New ‘What happens here, stays here’ ads hit airwaves

After a two-year hiatus, the highly touted “What Happens Here, Stays Here” ad series is being relaunched to promote Las Vegas.

Hip Hop

What's happening?

VEGAS INC coverage

The Las Vegas Convention and Visitors Authority began rolling out two new “What happens here, stays here” television advertisements this week, investing between $10 million and $15 million in network and cable media buys.

The “What happens here” TV ads, the centerpiece of one of the world’s most successful destination marketing campaigns, went on a two-year hiatus during the peak of the recession while the LVCVA focused on more aggressive campaigns instead of using the less direct brand-building spots.

One of the new ads launches a parallel “What happens here” campaign that will encourage people to share their adventures in Las Vegas on social media while reminding them to “know the code” by preserving the “What happens here, stays here” mantra.

The first “know the code” spot, titled “What’s happening?” uses subtle Las Vegas product placement techniques while showing a visitor shunned by friends for sharing too much about their Las Vegas adventures.

The parallel campaign incorporates an interactive Internet microsite that enables visitors to report people who break the “What happens here, stays here” code of silence and get a certificate for knowing the code.

The other spot, titled “Hip Hop,” is a more conventional “What happens here” ad with a blend of storyline and humor.

The new spots began airing on 15 cable networks, including three ESPN channels, Food, Travel Channel, Bravo, TBS and Comedy Central, as well as in the top Las Vegas markets of Los Angeles, San Diego, Phoenix, Denver, San Francisco and Dallas.

The “What happens here” slogan, created by R&R Partners, the LVCVA’s longtime advertising and marketing consultant, is among those in the running for inclusion on the Madison Avenue Advertising Walk of Fame. The slogan is among 20 under consideration in a popularity contest that ends Sept. 30.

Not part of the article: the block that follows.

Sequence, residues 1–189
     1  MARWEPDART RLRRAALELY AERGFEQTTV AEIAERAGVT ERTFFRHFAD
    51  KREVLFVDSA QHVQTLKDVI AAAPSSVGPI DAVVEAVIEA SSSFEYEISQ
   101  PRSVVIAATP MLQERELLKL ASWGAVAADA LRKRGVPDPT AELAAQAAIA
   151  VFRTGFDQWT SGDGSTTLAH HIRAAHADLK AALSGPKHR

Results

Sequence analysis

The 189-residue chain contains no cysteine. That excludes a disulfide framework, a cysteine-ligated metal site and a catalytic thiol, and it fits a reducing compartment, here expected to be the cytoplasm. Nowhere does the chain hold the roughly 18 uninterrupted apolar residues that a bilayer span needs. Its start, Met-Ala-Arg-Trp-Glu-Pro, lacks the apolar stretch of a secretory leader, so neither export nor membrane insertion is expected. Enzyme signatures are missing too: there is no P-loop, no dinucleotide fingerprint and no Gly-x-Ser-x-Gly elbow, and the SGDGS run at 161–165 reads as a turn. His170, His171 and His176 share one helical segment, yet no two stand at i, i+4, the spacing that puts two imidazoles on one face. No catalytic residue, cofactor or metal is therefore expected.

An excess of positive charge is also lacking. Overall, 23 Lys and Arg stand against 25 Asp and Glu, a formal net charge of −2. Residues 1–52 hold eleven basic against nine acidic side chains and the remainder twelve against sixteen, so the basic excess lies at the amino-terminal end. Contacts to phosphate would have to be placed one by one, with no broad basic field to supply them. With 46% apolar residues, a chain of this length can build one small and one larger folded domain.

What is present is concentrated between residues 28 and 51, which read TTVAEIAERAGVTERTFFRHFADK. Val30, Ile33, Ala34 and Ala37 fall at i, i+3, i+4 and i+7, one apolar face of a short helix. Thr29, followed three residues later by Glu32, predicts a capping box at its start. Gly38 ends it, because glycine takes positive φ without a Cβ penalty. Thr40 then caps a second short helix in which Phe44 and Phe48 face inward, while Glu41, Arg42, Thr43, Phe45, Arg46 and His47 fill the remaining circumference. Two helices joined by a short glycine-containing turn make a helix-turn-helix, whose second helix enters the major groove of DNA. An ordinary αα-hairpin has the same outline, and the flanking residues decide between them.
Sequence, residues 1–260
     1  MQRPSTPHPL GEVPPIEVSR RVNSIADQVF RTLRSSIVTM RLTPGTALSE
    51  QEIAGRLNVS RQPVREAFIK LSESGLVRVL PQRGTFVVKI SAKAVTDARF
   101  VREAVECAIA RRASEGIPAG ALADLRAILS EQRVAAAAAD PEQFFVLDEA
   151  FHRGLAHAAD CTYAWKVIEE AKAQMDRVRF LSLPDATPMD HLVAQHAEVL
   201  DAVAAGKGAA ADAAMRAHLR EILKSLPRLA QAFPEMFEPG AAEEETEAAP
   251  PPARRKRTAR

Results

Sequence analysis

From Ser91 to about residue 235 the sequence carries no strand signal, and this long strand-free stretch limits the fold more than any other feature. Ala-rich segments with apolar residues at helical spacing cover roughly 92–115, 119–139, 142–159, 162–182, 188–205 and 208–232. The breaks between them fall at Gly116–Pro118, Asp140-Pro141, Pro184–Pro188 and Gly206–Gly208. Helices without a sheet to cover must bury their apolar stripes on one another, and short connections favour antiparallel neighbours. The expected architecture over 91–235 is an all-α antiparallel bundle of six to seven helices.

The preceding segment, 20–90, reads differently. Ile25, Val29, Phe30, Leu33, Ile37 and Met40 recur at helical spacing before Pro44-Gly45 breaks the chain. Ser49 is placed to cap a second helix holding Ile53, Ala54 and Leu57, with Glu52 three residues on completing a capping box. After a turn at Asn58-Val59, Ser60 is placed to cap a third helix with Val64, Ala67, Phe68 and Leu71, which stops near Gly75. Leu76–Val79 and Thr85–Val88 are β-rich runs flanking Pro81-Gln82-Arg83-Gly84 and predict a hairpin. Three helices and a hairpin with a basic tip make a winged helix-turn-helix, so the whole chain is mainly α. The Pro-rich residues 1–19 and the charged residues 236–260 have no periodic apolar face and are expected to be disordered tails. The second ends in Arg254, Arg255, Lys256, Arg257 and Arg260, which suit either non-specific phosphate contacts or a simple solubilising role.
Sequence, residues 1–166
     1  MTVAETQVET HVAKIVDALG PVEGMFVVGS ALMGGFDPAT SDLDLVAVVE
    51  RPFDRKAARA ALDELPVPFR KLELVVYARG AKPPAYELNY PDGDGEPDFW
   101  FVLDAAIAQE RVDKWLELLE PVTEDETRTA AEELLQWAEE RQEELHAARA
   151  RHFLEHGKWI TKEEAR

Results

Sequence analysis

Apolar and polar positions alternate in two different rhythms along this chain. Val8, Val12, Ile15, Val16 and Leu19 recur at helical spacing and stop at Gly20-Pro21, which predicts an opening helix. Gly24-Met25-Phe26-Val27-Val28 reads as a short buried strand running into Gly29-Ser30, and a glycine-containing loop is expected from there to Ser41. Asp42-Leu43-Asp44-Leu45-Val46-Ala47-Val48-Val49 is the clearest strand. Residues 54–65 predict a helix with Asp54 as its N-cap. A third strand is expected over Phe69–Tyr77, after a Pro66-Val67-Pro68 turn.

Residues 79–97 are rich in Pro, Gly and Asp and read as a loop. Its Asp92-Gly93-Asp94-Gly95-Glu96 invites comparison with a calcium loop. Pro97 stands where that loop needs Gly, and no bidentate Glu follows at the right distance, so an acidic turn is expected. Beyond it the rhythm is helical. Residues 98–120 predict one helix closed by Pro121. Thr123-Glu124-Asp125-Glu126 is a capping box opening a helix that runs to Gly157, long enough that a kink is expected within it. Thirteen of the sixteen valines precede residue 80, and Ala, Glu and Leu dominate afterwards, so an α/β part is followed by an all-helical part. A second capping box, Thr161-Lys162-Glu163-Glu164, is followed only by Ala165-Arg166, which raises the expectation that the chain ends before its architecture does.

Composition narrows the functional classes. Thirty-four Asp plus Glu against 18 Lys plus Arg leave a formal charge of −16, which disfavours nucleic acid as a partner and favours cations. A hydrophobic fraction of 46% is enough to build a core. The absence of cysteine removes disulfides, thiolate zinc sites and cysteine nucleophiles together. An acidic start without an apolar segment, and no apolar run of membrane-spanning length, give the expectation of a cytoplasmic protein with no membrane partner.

The LVCVA opted two years ago to temporarily discontinue production of “What happens here” ads and focus on other campaigns to aggressively boost visitation while the economy was slumping. The other campaigns have been targeted campaigns, like the summer’s “Life is short, summer’s shorter” campaign to persuade people to book an immediate trip to Las Vegas.

During the two-year hiatus, visitation has improved, with 17 consecutive months of increased visitation over the previous year. Between January and July, occupancy rates have been up 6.2 percent, the average daily room rate has climbed 10.1 percent, convention attendance is up 4.4 percent and gaming revenue is up 5.4 percent.

Other “What happens here” ads are in the production pipeline with one featuring Cee Lo Green from “The Voice” due to air in the next few months.

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Discussion 8 comments

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  1. Great ad! This is funny! Great ad! This should catch on! Funny stuff.

  2. Maybe, all joking aside on ads for Las Vegas, we should enact a real code of silence in, "What happens here, stays here". For, the visitors who come to our destination, these tourists can't be thrilled to have solicitors on the sidewalks of the strip that are in their faces, pelting them with seedy based advertisements in almost every other step they take. Tourists can't be thrilled when they pay a premium rate to stay and play in our beautiful resorts on the strip, but are subjected to homeless people setting up camp right at the borderline of hotel private property. Tourists also can't be thrilled at the eye sores of the permanently unfinished structures that intermittently line the strip. Come on, LVCVA! It's great to have a slogan to bring visitors in, but it's just as important that visitors say good things about Vegas and return here. Although the problems listed above are not your agencies fault, I'm am certain you could use just a tad of your advertising expenditures to put public pressure on our elected county officials. They set in either a watch mode of legal entanglements, or an idle mode doing absolutely nothing to fix the problems that plague our number one local industry and resource.

  3. Mr. Chapline.